Thursday, 22 September 2022

Guardian-reading with added joss sticks

Jacob Phillips has an interesting piece on personal authenticity in The Critic. Sounds rather lofty but it isn't - the problems he describes are common enough.

The authenticity illusion

We all have a little LARPer inside us

On a December night, sometime between the life I used to lead and the life I lead now, whilst a friend and I were cutting through some backstreets off Oxford Street, we noticed an open church door. She suggested we go in and have a look. It made an intense impression on me. The interior was covered in deeply coloured mosaic tilework, interlaced black and white patterning. Scenes from Scripture were portrayed in dignified, pre-Raphaelite style by friezes on the walls. Incense hung in misty clouds gathered about the pillars in the nave. Around the High Altar was a seamless array of icons of saints, set against deep purple, rich crimson and darkly starlit blues. I desired to know more about this place, and resolved to come back for Midnight Mass.

The whole piece is well worth reading, not only as an interesting story of personal religious conversion, but as a wider comment on the modern search for personal authenticity. For example -

I sometimes encountered people from the old days who were treading a similar path. With one it began because his girlfriend’s uncle was a priest. He told me, in hushed tones, that open conversations with this uncle made him think that this priest was a true free-thinker, compared to so many people we knew who’d started policing pronouns and so on. Another had got involved with a cultish group and gone to live in an Ashram, before realising the values therein were not so much about spiritual wisdom as just Guardian-reading with added joss sticks. I was recently interested to see another old acquaintance write about her own experience of seeking refuge in a church.


Sam Vega said...

A very interesting piece - thanks!

This bit made me sit up and think:

"The genuinely premodern moment — or rather, the moment of faith — is not about attaining personal authenticity or integrity. Postmodernity collapses when you realise that mere belief, even sincere belief genuinely held, is nothing compared to a belief in something which is actually true. Then you realise that it remains true regardless of what one does or says, regardless of whether it feels that one is winning at life because of it. Simply finding coherence is not enough."

It somehow reminded me of the point you made in Monday's post about the universe's absolute indifference.

A K Haart said...

Sam - that quote struck me too. It was the basis of Spinoza's outlook, belief in something which is actually true is where true blessedness is to be found. We live to understand and anything less than that lessens us. It seems to be why woke culture does genuinely diminish its advocates.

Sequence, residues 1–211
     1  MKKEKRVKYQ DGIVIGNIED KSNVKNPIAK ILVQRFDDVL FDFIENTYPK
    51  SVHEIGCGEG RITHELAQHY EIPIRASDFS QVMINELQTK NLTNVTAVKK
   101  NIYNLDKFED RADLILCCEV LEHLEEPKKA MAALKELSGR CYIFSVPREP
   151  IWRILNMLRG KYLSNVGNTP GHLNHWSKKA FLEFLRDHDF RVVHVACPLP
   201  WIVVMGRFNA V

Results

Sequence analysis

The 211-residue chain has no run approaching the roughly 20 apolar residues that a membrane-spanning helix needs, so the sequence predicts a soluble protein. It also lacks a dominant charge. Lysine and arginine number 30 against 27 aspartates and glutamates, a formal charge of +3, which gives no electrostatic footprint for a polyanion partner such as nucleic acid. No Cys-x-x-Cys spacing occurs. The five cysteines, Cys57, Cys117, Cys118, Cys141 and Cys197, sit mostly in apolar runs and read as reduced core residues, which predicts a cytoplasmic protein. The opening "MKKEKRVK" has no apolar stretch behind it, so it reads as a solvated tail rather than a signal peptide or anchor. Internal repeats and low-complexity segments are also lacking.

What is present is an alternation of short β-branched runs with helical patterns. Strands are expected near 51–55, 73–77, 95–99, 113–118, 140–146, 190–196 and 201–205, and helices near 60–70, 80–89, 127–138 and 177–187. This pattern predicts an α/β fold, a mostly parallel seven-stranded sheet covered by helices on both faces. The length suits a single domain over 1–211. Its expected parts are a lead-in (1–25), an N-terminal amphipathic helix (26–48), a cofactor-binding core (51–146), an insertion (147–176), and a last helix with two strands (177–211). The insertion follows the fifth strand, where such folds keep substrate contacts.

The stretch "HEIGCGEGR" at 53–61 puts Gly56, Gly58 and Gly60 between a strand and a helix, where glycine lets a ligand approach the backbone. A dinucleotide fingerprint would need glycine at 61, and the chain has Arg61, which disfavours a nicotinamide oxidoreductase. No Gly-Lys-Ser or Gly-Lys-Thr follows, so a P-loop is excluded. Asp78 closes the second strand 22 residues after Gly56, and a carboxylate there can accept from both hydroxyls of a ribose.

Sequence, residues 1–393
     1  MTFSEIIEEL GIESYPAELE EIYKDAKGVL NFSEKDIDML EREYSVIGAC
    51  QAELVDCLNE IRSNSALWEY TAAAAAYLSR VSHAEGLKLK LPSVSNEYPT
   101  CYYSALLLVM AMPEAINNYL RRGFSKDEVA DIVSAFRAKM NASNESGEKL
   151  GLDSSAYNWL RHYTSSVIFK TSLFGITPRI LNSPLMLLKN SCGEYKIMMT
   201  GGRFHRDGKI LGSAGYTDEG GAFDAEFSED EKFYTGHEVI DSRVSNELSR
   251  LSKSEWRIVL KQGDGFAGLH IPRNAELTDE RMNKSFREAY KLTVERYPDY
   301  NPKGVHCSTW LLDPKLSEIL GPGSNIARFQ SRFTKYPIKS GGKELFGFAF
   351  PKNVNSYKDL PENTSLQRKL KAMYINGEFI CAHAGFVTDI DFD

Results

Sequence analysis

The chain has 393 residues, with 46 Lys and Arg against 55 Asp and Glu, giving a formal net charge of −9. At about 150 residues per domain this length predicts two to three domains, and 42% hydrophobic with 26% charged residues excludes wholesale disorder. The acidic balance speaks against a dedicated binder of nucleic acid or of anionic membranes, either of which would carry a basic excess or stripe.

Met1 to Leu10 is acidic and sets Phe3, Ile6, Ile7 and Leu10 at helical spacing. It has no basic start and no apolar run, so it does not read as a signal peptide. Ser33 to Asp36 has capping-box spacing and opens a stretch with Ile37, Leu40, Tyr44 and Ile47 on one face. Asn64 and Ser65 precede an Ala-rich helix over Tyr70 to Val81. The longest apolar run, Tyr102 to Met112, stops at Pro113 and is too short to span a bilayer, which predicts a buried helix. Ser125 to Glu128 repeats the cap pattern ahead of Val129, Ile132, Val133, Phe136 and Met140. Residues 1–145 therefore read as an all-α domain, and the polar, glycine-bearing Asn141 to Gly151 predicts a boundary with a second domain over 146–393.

James Higham said...

What determines if it's true?

A K Haart said...

James - reality. All we need are good ways to latch onto it.

Sobers said...

I think all that article shows is that some people cannot live without a psychological crutch to support them, be that formalised religion or pseudo-religions such as wokism or eco-babble, or indeed drug fueled hedonism (I include alcohol in that). They cannot manage without someone or something to tell them what to think, say and do on a day to day basis, and/or without some way of blotting out the morass of thoughts and emotions swirling around their brains. The world is too scary for most people to face while 100% sober and without someone to hold their hand.

A K Haart said...

Sobers - I include alcohol too, always worth remembering that it is a narcotic. I'm sure the world is too scary for many to manage without a psychological crutch and the value of the crutch lies in simplicity and social approval. What's the scary aspect though? It seems to be the fear of madness, as if questioning a consensus is akin to madness and that's too scary to contemplate.

Sobers said...

"What's the scary aspect though?"

Having to think is a very scary prospect for many. To amass information, assess a situation, and draw conclusions, and (as you say) stand by them in the face of social disapproval (if your conclusions are contrary to agreed norms) is far too frightening for plenty of people. Far easier to just have the 'Line to Take' given to you by the authority figure/organisation, safe in the knowledge that you are then 'saved', whether thats in a religious sense or in a more secular virtue signalling way. Either way you know that if you follow 'the rules' you will be on the side of the angels and no-one will question your bona fides. Many people cannot face being disliked or considered beyond the pale, in its literal sense. I think the hedonism then comes from the dissonance this behaviour creates within people. They know deep down that they should be true to their deeper thoughts, but are ignoring them in search of the easy life, so all that internal conflict must be smoothed over somehow, and drug induced amnesia does the trick nicely.